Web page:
CHINA – 27 August 2019 – Great Bay Bio, a leading AI biotechnology company dedicated to big data-driven CMC (Chemistry Manufacturing and Controls) development of innovative biologics, is pleased to announce that following the successful establishment of the 3D Advisory Board in the middle of this month, the Science Sub-Committee welcomes another new key member, Dr. Mark McHale, to the team.
Dr. Mark McHale received professional training in genetics, biochemistry and molecular biology at the University of London and the University of East Anglia (UEA UK). From 1986 to 1991, he obtained Ph.D. in molecular biology studying under Professor Richard Oliver and carried out post-doctoral research. Currently, he serves as the Head of R&D, Chief Development Officer and a Founder of ASLAN Pharmaceuticals. He has responsibility for progressing novel small molecule and biological therapies aimed at oncology and inflammation from preclinical development to the end of phase II of clinical trials.
Previously, Dr. McHale was the Head of Molecular Sciences at AstraZeneca Respiratory & Inflammation and in this role supported small molecule and therapeutic antibody projects from target identification to phase II of clinical trials. He was a core member of the respiratory strategy team for the inflammation research area for half a decade and personally led all new target identification in asthma.
Dr. McHale moved AstraZeneca into innate immunity with a strong focus immune checkpoint modulation to enhance immune surveillance and also skew the immune system away from allergy. In 2006, he led a $136M investment in the AZ/Dynavax collaboration to produce inhaled TLR9 agonists for the treatment of asthma and led the ongoing development projects which are currently in phase II of clinical trials.
Prior to 2001, Dr. McHale worked for 7 years at SmithKline Beecham, where he supported lead optimization projects in serotonin and dopamine receptors as well as working on leptin and the PPAR gamma agonist Avandia. He worked in neuroscience with Dr. Jackie Hunter for three years, during which time he established molecular science laboratories and formed a successful team to support molecular analysis of stroke and pain in order to characterize disease and identify new targets from a large strategic collaboration SmithKline had initiated with Human Genome Sciences.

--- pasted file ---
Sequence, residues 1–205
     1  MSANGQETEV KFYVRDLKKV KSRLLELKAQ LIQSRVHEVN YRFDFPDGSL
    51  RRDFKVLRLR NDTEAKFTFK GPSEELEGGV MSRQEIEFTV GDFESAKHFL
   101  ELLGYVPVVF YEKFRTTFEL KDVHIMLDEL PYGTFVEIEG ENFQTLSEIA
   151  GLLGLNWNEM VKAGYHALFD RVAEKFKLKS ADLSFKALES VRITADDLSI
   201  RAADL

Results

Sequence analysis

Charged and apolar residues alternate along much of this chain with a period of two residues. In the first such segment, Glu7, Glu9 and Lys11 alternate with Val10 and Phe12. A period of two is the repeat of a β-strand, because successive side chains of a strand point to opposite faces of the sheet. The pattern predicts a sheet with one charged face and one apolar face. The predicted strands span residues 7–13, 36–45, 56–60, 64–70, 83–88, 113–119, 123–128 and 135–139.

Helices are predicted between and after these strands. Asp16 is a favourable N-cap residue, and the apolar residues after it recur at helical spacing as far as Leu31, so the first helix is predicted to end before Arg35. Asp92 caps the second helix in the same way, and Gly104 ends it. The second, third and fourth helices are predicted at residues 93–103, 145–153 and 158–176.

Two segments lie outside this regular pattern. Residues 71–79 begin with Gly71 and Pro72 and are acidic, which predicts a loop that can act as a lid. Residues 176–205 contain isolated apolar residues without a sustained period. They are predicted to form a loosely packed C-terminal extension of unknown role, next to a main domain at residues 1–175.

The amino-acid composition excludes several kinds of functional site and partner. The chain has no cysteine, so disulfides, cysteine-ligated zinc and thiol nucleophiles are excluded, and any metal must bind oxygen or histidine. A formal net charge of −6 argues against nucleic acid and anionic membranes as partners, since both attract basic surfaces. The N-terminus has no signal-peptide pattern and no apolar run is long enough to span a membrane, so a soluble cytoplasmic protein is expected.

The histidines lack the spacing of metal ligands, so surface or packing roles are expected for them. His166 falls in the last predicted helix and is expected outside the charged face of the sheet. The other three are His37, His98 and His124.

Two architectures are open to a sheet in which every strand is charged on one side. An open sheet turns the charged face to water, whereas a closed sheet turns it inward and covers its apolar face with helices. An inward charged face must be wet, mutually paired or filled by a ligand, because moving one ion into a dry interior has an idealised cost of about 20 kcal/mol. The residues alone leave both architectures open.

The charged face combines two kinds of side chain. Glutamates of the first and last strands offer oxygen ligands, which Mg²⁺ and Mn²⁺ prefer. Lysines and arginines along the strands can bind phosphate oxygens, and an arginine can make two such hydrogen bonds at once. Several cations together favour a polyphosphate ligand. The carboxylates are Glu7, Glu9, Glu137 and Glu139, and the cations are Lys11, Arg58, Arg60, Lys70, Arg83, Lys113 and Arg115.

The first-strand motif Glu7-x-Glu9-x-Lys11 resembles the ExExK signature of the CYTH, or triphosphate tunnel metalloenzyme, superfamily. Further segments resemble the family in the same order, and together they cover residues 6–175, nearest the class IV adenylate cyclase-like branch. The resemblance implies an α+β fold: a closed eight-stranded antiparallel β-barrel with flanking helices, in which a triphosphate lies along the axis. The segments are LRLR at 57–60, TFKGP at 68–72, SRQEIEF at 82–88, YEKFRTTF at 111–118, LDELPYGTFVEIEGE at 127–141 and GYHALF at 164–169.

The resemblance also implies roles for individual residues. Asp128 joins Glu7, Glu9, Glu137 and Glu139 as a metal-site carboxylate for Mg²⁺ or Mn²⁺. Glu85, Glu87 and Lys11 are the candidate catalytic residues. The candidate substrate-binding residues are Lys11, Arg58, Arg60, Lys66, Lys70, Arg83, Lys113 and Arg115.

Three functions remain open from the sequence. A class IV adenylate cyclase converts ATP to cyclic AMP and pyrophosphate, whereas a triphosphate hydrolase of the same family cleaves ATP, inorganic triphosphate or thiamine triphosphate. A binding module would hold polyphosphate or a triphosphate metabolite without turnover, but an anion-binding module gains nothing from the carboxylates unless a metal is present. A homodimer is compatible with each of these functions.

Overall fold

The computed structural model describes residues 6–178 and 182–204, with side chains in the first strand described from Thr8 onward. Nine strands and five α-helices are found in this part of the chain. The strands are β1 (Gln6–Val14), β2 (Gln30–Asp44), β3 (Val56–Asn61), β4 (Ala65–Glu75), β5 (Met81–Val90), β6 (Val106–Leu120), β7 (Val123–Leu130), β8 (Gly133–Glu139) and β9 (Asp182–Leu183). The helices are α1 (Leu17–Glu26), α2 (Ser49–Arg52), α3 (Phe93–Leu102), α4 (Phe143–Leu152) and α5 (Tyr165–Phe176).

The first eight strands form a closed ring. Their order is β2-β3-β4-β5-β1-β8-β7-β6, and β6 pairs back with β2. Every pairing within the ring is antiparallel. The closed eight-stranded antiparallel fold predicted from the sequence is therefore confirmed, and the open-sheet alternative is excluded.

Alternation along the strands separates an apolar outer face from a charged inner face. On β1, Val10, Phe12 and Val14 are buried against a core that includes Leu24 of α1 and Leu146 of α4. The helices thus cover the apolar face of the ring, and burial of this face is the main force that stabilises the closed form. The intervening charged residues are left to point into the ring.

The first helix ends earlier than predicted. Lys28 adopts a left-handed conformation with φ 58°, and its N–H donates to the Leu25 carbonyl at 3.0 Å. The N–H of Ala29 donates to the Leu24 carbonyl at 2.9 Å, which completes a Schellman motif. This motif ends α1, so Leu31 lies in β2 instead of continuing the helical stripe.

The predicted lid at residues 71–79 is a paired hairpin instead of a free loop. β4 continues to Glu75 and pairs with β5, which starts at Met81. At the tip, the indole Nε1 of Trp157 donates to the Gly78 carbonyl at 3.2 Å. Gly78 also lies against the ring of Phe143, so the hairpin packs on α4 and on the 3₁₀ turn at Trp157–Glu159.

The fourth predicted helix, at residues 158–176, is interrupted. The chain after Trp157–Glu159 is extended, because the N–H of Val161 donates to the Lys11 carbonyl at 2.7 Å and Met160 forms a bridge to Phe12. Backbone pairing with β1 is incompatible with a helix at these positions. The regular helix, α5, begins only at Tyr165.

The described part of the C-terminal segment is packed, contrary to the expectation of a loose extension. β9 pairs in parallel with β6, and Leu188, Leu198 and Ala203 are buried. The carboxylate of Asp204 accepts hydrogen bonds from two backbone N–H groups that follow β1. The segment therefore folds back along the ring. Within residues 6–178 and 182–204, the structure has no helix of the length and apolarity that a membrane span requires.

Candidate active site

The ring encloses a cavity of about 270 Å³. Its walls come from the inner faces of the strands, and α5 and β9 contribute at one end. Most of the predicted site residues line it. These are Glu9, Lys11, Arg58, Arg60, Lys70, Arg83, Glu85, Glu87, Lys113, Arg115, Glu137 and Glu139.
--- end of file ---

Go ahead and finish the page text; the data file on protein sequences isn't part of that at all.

The establishment of the 3D Advisory Board is part of the company’s mission of “Facing Future Challenges with 3D Innovation”. By combining three verticals of innovation “business foresight + science-based foundation + technology driven”, the company hopes new breakthroughs to tough market challenges can be hatched. Currently, the company has formed three separate sub-committees (Business, Science and Technology) to provide a solid foundation for Great Bay Bio’s mission and, ultimately reach the company’s vision of “Making Biologics Development Easy for Everyone”.
On the arrival of another remarkable talent for the Science Sub-Committee, Mr. Kingsley Leung, Chairman and Co-founder of Great Bay Bio, said: “We are greatly honored to have Dr. McHale join our Advisory Board. Dr. McHale has nearly 30 years of professional career in pharmaceutical research and drug R&D, and more than 10 years of international experience in Asia and Australasia. His deep industry experience across different therapeutic areas, and exposure to different R&D cultures and regions, are testaments to the diverse and multi-disciplinary nature of the Advisory Board we want to build.
As I said previously on the establishment of the 3D Advisory Committee earlier this month, the best innovation comes from collaboration between people from different backgrounds and expertise. The challenge of making traditional high-cost CMC cheap is a difficult one to solve, and that is why we believe Recombinant Innovation is our best shot of tackling it. The diverse background and experience Dr. McHale brings to our mission is invaluable, and I strongly believe working closely with our other Advisors will bring interesting solutions to the problem we want to solve”.